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Area Guides-San Francisco

Financial District

Shining skyscrapers, sharp suits and swanky shopping is what characterises this area, with every street and every building designed to meet the needs of busy businesspeople with demanding schedules. Visit during working hours and the streets might seem quiet - but get caught in the lunchtime rush and you’ll find yourself amidst a sea of suits, hurried conversations over mobile phones and the smells and sounds of busy food vendors feeding the masses. If you’re in San Francisco for business, this is where you are likely to find yourself - amidst everything you might need for a productive stay. Visit the Financial District for leisure and you’ll feel at home in the Embarcadero’s Ferry Building, where independent cafés and quirky boutiques offer a welcome splash of fun into this sleek and serious neighbourhood. Visit the Financial District Market in the Ferry Market Building to explore some organic produce and try some tasty samples.

Although the Financial District is mostly made up of towering skyscrapers and revolving glass doors, the neighbourhood has managed to hold on to its character with some of the city’s original architecture juxtaposed against the sleek metropolis. There are plenty of places to visit in the Financial District, whether you have a little time or a lot of time. City slickers make the most of the good weather by taking their lunch hour in outdoor restaurant terraces, which turn into lively drinking areas come happy hour. Far from generic when it comes to flavour, the Financial District offers a huge range of independent restaurants, sandwich shops and food trucks.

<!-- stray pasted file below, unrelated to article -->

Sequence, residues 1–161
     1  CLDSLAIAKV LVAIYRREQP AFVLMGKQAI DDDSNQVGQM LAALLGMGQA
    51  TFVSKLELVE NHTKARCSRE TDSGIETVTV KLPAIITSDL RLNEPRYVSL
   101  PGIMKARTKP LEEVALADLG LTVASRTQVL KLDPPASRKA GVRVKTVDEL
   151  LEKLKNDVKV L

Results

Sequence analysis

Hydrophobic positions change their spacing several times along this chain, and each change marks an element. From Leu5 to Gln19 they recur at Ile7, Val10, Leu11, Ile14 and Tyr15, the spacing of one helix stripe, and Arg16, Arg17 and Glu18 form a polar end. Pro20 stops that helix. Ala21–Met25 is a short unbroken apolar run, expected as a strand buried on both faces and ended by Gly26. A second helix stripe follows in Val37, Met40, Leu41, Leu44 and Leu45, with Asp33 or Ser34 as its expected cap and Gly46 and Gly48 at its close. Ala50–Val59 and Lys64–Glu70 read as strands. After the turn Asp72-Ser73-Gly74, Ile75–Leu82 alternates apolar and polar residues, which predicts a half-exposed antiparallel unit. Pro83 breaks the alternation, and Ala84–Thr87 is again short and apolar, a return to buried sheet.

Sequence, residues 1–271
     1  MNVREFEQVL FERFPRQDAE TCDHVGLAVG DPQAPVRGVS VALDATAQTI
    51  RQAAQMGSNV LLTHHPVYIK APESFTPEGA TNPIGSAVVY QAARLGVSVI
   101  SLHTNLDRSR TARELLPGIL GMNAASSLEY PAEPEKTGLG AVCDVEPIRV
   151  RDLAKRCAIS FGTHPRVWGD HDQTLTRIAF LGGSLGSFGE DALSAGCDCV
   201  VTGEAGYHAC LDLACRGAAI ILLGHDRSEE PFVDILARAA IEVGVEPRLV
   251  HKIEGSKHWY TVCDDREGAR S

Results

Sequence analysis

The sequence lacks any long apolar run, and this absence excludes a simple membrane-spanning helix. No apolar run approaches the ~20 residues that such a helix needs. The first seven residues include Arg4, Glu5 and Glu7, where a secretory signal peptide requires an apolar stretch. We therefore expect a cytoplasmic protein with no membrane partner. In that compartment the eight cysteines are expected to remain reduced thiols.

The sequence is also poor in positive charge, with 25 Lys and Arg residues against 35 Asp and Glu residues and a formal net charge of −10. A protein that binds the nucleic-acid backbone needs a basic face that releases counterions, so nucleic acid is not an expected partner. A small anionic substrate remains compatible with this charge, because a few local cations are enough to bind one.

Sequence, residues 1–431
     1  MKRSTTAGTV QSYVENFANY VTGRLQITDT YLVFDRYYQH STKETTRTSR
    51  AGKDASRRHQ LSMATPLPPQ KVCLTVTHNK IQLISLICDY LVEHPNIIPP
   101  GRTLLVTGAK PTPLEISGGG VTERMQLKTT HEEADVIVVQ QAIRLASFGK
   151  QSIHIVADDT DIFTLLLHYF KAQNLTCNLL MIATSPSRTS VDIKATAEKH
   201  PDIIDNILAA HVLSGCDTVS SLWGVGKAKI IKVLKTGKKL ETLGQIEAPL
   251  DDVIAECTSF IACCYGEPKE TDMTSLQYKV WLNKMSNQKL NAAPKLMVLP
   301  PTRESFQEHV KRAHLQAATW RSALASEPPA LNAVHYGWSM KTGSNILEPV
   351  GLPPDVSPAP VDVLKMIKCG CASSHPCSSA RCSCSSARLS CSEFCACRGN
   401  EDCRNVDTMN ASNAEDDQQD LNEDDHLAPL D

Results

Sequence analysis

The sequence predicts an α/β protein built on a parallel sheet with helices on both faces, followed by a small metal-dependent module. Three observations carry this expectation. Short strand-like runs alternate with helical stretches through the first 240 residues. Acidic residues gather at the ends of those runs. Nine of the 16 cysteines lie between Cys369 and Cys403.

Make your way to the waterfront and you’ll find a more casual vibe, with people exercising or hanging out with friends after work. Ready to go somewhere a little different? Hop on an old-school streetcar and find yourself in an entirely new neighbourhood within minutes. Check out the San Francisco area guide for more ideas.

Japantown

San Francisco’s Japantown is both the oldest and the largest Japantown in the United States, and as such it is steeped in rich history and culture. Known colloquially as ‘J-Town’ or as ‘Nihonmachi’ by the locals, Japantown takes up a six-block slice of San Francisco’s northwest, in the Western Addition District. Centred on the bustling Japan Shopping Center, the neighbourhood is a much-loved cultural enclave that is well worth a visit to learn about the unique Japanese culture and its significance in San Francisco’s history.

One of the most popular places to visit in Japantown is the Peace Pagoda, a monument designed to inspire peace amongst people of all races. Japantown’s residents keenly follow this ideology, making Japantown an incredibly friendly and welcoming place to be. Bearing a resemblance to Tokyo’s Ginza district, San Francisco’s Japantown has remained authentic and free from tourist traps – one of the many reasons it is a popular addition to any San Francisco area guide.

As with any Japantown, one of the highlights for most visitors is the cuisine. From sit-down restaurants, to street food and classic Japantown markets, there is plenty of authentic Japanese, Chinese and Korean food to sample in Japantown. The neighbourhood is also host to two large cultural festivals every year. The Northern California Cherry Blossom Festival takes place here every April, and the Nihonmachi Street Fair is held in August. There is plenty to do in Japantown at anytime of year though, so be sure to pay a visit to this neighbourhood during a stay in San Francisco.

Mission District

Home to everyone and anyone, the Mission District is a place of constant contrast. Catering to people from all walks of life, the neighbourhood has been influenced by everybody who has walked its streets. One of the strongest influences in the Mission District is the tight-knit Latino community, which has benefitted the neighbourhood in terms of its shopping, arts and food outlets.

Indulge your taste buds in a huge range of culinary options, from Mexican meals to Vegan dishes. The Humphry Solcombe Creamery is a popular name in any San Francisco Area Guide, where crowds spill out on the streets as they wait for a sweet treat. When you’re feeling sufficiently fueled, it’s time to hit the shops, where you’ll find a huge array of surprising items from different cultures. If you can’t decide what to do in the Mission District, simply wander the streets and take in the neighbourhood’s incredible street art scene – where the simple concrete walls have been turned into expressive masterpieces.